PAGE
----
Kline denies any ruse on his part, but critics argue that his initial investigation into the clinics was always intended as a "witch hunt" against abortion providers.
Further controversy ensued when some of the patients' files were leaked to Fox News' Bill O'Reilly, who had Kline as a guest on his show.
"Mr. Kline has denied he gave the files to Bill O'Reilly," said Burgess, who was tight-lipped about the details of any of the current or former complaints filed by Kline.
Kline's case against Tiller was eventually thrown out by the Kansas Supreme Court.
"[The charges against Dr. Tiller] were absolutely inaccurate and false and based on a completely skewed interpretation of the right to abort statute," said Ashley Anstaett, the spokeswoman for Kansas' current Attorney General Paul Morrison, who defeated Kline in the 2006 attorney general's race.
"Kline just personifies the abortion debate," Burdett Loomis, a political science professor at Kansas University, told ABCNEWS.com. "...It is very much seen, I think, even by the pro-life people, that Kline's personal beliefs are his No. 1 priority."
Kline's spokesperson added that the district attorney has focused on cases unrelated to the abortion debate. Kline argued before the United States Supreme Court in Kansas v. Marsh, which reinstated the death penalty in Kansas.
"Over the years, he's become more passionate about the anti-abortion debate," said Loomis, who served briefly as the spokesperson for Kansas' democratic governor in 2004. "He's very ambitious. I think he saw this as a ticket in some ways. He's always been conservative but [abortion] was an avenue he was going to plow ahead on as far as he could."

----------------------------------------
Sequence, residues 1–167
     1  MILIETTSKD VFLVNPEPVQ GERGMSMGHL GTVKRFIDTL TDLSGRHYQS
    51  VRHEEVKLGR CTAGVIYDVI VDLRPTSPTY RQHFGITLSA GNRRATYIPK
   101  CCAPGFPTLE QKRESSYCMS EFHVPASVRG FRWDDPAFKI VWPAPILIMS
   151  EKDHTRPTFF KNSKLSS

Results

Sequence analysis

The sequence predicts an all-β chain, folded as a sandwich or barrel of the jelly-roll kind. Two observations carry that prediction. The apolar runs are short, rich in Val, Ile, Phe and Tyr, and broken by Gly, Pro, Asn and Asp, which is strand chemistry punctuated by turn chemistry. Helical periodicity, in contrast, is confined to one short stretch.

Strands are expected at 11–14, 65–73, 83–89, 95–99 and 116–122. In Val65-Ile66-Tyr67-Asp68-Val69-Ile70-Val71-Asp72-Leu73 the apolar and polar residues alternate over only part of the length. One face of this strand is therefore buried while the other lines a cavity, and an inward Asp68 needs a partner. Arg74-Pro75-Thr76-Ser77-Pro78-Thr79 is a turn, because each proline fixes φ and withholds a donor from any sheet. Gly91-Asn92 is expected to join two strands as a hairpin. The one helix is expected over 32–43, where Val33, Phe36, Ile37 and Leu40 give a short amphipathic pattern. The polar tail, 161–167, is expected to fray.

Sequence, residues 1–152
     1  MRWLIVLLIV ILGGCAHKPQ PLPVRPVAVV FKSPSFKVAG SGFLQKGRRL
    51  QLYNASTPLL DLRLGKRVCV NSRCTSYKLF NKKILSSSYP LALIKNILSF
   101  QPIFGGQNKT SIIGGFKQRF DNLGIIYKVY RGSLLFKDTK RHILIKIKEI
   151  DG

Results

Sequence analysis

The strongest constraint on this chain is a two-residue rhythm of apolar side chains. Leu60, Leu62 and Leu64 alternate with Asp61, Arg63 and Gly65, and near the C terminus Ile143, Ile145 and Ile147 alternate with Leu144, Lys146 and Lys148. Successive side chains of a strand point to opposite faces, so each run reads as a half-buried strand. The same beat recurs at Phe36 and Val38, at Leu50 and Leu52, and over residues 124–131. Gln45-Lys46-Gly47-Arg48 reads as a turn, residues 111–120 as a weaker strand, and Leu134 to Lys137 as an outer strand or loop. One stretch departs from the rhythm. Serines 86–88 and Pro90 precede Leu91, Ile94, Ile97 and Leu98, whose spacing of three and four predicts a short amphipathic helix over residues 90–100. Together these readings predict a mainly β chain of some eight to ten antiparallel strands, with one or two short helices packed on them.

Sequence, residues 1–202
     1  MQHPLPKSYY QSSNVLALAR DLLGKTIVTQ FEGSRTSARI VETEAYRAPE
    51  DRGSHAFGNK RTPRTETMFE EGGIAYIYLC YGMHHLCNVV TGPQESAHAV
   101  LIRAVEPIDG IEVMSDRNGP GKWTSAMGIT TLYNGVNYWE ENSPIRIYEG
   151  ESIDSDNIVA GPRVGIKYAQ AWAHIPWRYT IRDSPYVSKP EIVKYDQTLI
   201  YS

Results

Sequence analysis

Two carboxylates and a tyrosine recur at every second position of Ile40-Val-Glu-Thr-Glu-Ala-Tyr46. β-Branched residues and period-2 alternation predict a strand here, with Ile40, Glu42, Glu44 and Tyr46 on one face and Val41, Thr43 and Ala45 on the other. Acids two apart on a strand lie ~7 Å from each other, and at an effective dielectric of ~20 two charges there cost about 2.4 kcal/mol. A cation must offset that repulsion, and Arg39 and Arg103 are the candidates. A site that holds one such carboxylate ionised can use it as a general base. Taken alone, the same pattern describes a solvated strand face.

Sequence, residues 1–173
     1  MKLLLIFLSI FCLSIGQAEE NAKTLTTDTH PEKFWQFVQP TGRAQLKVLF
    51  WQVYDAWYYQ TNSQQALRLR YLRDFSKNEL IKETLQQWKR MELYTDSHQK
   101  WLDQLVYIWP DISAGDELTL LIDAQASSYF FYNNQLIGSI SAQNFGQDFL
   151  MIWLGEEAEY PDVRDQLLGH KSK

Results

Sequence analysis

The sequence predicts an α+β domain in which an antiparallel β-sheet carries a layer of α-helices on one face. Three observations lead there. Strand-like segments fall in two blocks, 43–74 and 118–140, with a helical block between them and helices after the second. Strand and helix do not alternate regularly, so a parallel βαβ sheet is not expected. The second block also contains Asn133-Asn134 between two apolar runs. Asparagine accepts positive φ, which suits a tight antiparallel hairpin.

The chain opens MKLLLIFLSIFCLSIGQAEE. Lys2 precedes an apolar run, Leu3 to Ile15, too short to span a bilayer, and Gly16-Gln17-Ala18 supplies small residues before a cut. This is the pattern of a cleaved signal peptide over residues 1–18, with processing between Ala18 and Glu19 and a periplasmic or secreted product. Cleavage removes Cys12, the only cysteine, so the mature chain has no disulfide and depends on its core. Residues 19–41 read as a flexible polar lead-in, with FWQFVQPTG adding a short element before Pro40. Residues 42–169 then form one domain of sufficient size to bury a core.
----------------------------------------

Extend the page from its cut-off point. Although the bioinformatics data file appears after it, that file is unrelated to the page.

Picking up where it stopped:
Kline's popularity, even among moderate conservatives and some republicans, has waned throughout the judicial community, who still view him as the man who cost the party the attorney general's post.
Abortion rights advocates told ABCNEWS.com that if Kline is successful in his charges against Planned Parenthood, women all over the country may have a harder time getting abortions.
"[Kline's complaints] could affect women all over the country," said Kim Gandy, president of the National Organization for Women. "Women far beyond the borders of Kansas go to places like Dr. Tiller's clinic, because he is one of the very few who has the courage to do this kind of work. He's [part of] a handful of doctors who still do it."
Even the fact that Kline is going after these abortion clinics could make it harder for women to receive the care they need, Gandy told ABCNEWS.com. The more targeted these clinics become, she said, the fewer doctors who will be willing to work at them.
And, with so few doctors already available to perform late-term abortions – which Gandy said she believed women usually only resort to in dire circumstances – having to travel all the way to Kansas puts an additional financial burden on women who are already worried about financing the procedure. If clinics in Kansas are closed, women would potentially have to travel even farther and spend more.
Advocates for Kline's cause say that no matter what the outcome of the case, the DA is doing the right thing by holding the clinics accountable under the law.